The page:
A/HRC/4/33/Add.2 Page 65 and without notice, any place of deprivation of liberty, whether officially recognized or suspected, to publicize its findings regularly and to submit evidence of criminal behaviour to the relevant prosecutorial body and the administrative superiors of the public authority whose acts are in question; reputable non-governmental organizations could be associated with these functions. 313. According to information received from NGOs and other sources, the Standing Committee on Human Rights was replaced by the Kenya National Commission on Human Rights (KNCHR) in 2002. KNCHR was established by statute. It is mandated to, inter alia, investigate allegations of human rights abuses in places of detention. However, due to limited resources, it has to refer these cases to the authorities for investigation. Furthermore, KNCHR has conducted a number of visits to penal institutions and police stations. While it was granted full access to penal facilities, it was confronted with denial of access to approximately 20 police stations, which causes a serious obstacle to carrying out its mandate effectively. 314. Recommendation (d) stated: In line with guidelines 15 and 16 of the United Nations Guidelines on the Role of Prosecutors, the Attorney-General’s Chambers should pay particular attention to the diligent prosecution of cases of torture and similar ill-treatment by law enforcement officials and take appropriate action when they come across information suggesting that evidence has been obtained by such methods. 315. According to information received from NGOs and other sources, the Attorney General’s Office remains severely under-funded and understaffed. A major part of the prosecution is conducted with the assistance of insufficiently qualified police prosecutors, who are deemed to be controlled by their police superiors. Hence, an improvement of the performance of the prosecution could not be witnessed. The Government is currently formulating a National Prosecutions Policy aiming at disengagement of the police from prosecution functions. 316. Recommendation (e) stated: Where there is credible evidence that a person has been subjected to torture or similar ill-treatment, adequate compensation should be paid promptly; a system should be put in place to this end. 317. According to information received from NGOs and other sources, no policy or system ensuring adequate and prompt compensation for victims of torture exists. Persons claiming compensation have to go through lengthy and expensive court proceedings. Even in the few cases where victims have been awarded compensation by the courts, only a fraction has actually received the money. KNCHR has authority to order compensation for a violation of human rights and has done so in one case. However, these orders have to be filed at the High Court for execution and are subject to appeal, which, in turn, can again lead to long and expensive proceedings. 318. Recommendation (f) stated: The period of police detention in capital cases (14 days) should be brought into line with the normal 24-hour period applicable to persons suspected of other crimes. 319. According to information received from NGOs and other sources, there has been no change in the laws regulating the period of police detention. Allegedly, the police detain suspects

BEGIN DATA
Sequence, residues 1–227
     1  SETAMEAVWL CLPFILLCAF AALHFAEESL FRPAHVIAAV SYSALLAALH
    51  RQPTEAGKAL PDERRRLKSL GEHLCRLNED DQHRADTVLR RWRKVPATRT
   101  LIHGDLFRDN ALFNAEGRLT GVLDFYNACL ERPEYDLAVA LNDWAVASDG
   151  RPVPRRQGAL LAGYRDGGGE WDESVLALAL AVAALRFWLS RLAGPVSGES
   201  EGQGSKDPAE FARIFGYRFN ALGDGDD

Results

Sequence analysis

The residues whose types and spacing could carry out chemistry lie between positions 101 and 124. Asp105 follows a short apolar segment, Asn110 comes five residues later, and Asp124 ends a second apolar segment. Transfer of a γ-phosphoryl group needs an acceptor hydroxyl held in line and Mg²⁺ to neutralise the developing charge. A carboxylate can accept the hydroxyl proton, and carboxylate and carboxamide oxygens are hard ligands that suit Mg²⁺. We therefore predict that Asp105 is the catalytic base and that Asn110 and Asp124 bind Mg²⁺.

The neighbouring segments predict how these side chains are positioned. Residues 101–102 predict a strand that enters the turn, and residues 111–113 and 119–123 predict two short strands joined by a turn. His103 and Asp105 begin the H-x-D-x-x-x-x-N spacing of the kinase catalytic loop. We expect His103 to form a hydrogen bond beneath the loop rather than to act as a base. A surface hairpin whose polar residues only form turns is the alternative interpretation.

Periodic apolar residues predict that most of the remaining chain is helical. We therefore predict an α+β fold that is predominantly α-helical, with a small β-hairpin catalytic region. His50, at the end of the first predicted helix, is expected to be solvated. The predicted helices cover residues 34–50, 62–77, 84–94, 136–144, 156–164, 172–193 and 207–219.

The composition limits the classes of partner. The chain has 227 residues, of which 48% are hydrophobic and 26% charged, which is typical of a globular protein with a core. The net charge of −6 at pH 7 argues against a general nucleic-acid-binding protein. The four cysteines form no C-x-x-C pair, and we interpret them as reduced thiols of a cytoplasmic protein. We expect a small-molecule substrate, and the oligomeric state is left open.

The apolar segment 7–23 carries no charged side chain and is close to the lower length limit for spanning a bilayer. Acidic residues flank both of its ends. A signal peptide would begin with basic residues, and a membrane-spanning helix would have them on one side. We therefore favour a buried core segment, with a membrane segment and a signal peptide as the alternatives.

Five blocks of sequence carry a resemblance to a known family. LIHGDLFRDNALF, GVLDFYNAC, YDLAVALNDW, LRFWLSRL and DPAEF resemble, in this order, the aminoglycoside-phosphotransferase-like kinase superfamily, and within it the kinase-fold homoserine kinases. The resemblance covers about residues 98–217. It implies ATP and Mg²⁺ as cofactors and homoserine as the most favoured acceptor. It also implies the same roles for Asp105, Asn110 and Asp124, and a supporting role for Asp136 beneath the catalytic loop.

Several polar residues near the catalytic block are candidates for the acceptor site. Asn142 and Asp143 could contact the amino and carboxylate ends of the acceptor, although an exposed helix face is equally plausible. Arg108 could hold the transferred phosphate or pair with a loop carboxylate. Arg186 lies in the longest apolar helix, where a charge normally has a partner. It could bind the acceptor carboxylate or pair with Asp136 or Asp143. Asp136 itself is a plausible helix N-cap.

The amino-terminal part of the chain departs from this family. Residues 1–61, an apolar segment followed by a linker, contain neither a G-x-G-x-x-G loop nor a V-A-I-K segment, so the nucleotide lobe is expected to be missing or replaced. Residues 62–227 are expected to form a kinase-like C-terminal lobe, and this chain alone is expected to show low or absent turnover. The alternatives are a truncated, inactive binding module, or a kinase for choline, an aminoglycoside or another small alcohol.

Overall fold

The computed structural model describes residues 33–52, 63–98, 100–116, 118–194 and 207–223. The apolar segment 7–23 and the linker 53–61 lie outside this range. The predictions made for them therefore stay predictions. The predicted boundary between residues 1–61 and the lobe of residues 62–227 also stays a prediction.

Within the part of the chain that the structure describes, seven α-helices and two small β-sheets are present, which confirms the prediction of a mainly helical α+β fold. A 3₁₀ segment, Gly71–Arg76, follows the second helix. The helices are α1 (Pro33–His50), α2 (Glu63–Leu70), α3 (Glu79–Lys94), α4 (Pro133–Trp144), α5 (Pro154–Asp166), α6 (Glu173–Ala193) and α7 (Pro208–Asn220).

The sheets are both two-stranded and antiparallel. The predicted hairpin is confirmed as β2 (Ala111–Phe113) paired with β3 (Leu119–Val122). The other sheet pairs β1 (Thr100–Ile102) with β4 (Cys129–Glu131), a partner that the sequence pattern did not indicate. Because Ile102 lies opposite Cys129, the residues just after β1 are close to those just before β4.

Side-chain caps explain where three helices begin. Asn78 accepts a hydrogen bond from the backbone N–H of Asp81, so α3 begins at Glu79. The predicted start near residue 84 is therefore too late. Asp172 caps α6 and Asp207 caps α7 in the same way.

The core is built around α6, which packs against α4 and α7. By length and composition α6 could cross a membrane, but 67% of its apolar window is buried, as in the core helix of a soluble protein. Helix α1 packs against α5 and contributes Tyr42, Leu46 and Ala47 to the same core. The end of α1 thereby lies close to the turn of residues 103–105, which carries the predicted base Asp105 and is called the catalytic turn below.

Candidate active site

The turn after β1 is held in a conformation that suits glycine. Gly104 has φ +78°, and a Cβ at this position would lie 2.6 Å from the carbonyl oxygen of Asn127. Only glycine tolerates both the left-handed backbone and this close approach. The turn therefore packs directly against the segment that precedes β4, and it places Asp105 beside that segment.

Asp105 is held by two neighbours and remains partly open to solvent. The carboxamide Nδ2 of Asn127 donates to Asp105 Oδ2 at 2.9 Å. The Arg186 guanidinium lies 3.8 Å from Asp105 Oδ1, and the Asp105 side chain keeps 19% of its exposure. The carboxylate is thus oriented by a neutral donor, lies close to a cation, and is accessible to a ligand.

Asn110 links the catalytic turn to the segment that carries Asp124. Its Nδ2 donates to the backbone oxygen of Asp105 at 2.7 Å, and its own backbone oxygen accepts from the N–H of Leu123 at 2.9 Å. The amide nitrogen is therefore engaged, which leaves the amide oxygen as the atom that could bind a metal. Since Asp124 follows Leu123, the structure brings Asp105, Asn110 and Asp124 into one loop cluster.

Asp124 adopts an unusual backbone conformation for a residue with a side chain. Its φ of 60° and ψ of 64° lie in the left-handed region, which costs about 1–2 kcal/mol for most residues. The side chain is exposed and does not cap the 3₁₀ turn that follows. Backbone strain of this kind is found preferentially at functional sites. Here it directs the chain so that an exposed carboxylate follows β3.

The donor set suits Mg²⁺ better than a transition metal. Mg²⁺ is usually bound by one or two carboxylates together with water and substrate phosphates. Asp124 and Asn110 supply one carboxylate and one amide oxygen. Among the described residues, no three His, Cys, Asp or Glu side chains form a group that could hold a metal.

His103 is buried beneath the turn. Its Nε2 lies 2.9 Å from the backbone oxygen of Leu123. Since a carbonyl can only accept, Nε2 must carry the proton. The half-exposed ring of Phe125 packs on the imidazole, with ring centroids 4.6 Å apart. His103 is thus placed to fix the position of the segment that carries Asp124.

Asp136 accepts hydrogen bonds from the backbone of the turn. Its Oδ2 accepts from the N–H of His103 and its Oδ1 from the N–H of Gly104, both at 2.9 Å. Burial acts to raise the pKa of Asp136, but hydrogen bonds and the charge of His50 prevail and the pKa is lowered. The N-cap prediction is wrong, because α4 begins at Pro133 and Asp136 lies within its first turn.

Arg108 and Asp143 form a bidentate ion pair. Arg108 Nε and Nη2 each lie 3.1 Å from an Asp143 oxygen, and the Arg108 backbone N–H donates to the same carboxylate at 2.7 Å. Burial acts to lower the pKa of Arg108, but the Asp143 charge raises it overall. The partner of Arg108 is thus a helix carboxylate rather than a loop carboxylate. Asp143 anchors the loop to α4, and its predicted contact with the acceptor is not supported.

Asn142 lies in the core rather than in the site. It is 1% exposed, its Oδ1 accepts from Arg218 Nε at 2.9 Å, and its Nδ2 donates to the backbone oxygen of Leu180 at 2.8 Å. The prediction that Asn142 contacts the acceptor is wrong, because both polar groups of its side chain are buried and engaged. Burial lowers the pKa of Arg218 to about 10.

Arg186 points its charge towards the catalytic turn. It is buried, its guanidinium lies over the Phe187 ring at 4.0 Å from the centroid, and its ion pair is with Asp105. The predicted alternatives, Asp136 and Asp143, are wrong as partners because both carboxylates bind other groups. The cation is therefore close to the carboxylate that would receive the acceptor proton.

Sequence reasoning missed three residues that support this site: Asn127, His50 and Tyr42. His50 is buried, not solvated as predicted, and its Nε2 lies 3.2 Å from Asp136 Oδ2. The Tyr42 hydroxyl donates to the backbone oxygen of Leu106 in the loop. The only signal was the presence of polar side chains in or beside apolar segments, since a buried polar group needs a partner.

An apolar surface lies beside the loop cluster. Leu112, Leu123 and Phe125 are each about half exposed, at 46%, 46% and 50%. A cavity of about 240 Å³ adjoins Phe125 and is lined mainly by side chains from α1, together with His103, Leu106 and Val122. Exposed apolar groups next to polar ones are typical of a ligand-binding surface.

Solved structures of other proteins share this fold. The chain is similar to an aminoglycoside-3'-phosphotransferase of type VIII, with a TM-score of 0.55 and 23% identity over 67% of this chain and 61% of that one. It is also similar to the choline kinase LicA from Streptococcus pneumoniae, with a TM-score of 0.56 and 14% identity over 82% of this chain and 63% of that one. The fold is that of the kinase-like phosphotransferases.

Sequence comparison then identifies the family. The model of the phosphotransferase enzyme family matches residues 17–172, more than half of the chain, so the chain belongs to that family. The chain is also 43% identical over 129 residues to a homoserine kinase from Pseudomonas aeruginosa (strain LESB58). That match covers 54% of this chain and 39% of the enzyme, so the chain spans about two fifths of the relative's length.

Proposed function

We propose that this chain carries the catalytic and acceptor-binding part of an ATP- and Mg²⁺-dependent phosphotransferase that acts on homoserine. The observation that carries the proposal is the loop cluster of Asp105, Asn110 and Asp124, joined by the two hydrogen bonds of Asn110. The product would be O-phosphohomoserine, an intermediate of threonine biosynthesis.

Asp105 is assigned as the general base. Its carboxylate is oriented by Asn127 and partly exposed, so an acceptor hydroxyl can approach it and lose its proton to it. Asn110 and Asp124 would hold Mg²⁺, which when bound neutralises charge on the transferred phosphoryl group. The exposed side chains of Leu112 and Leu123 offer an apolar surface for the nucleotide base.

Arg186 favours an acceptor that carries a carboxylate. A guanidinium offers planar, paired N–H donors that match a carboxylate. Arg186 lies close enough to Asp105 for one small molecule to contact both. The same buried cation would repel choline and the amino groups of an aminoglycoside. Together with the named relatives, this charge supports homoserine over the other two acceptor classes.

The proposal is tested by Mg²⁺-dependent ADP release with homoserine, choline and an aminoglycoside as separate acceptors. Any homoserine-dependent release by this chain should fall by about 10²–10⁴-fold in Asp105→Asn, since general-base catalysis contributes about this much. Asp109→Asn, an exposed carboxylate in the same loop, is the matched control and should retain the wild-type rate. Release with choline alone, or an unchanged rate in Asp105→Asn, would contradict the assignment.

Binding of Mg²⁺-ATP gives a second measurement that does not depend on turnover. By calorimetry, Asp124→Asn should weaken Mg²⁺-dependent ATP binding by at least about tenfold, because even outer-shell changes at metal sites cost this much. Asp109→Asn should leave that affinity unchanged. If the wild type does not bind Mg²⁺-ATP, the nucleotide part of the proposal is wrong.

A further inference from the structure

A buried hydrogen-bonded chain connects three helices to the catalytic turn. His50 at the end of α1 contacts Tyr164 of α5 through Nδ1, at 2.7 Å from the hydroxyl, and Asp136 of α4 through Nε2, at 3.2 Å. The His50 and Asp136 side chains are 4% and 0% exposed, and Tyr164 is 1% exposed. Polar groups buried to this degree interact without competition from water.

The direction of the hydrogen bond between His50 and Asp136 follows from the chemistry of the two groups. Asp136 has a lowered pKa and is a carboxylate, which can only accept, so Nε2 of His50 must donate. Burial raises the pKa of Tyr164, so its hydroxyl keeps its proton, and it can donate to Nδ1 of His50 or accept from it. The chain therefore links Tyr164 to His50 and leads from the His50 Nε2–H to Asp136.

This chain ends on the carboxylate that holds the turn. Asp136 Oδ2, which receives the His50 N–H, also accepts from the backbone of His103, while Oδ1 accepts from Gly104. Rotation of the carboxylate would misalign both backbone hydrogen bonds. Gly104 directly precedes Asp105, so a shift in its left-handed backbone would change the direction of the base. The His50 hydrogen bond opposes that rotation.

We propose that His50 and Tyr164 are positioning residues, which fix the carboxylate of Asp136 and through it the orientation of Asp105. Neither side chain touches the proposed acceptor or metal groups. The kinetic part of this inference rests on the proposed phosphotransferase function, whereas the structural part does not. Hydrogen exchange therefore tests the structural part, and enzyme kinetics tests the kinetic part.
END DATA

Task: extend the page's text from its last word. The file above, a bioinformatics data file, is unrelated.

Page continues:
A/HRC/4/33/Add.2 Page 66 also for periods longer than 14 days. Particularly, terrorist suspects are reportedly being held incommunicado for periods of almost one and a half months without being charged. 320. Recommendation (g) stated: Confessions made by a person under police detention without the presence of a lawyer should not be admissible against the person. 321. According to information received from NGOs and other sources, Section 25A of the Evidence Act was amended in 2003 to the effect that confessions are only admissible if made before a court. This change in law effectively prevents the police from taking confessions from suspects. As a result, incidents of torture in police custody have drastically declined. However, due to concerns over an increase in crime, a new amendment to the Evidence Act is currently being discussed in Parliament. This new law foresees that only senior ranking police officers shall take confessions; and that a person confessing before the police shall be entitled to demand the presence of a third person of his/r her choice. 322. Recommendation (h) stated: Legal aid should be available to anyone held in police custody or on remand who has not the means to secure legal assistance, with lawyers being given immediate access to their clients. The Law Society should consider establishing an appropriate scheme in cooperation with the Government. 323. According to information received from NGOs and other sources, there is no general legal aid scheme in force. Legal aid provided is limited in scope and obligatory only for certain crimes, such as in murder cases. A National Legal Aid Scheme is currently before Parliament for enactment into law. 324. Recommendation (i) stated: Close family members of persons detained should be immediately informed of their relative’s detention and be given access to them. 325. According to information received from NGOs and other sources, there are no legal provisions obliging the police to inform family members of the arrest and detention of their relative, nor does an informal practice exist. Many detainees have complained that they were being held without their families’ knowledge. 326. Recommendation (j) stated: The police monopoly of issuing P3 forms for medical examinations should be abandoned. 327. According to information received from NGOs and other sources, the police monopoly of issuing P3 forms is still in force. A vast number of persons complained that they were denied the form. The procedure is not only expensive, as victims have to pay the police doctor to fill in the forms, but also very lengthy due to a general lack of competent police doctors. 328. Recommendation (k) stated: Magistrates and judges, like prosecutors, should always ask a person brought from police custody how they have been treated and be particularly attentive to their condition. 329. According to information received from NGOs and other sources, the judiciary rarely ever addresses persons brought before them with regard to their treatment in custody. Only few cases with obvious and pronounced external injuries are dealt with if the person concerned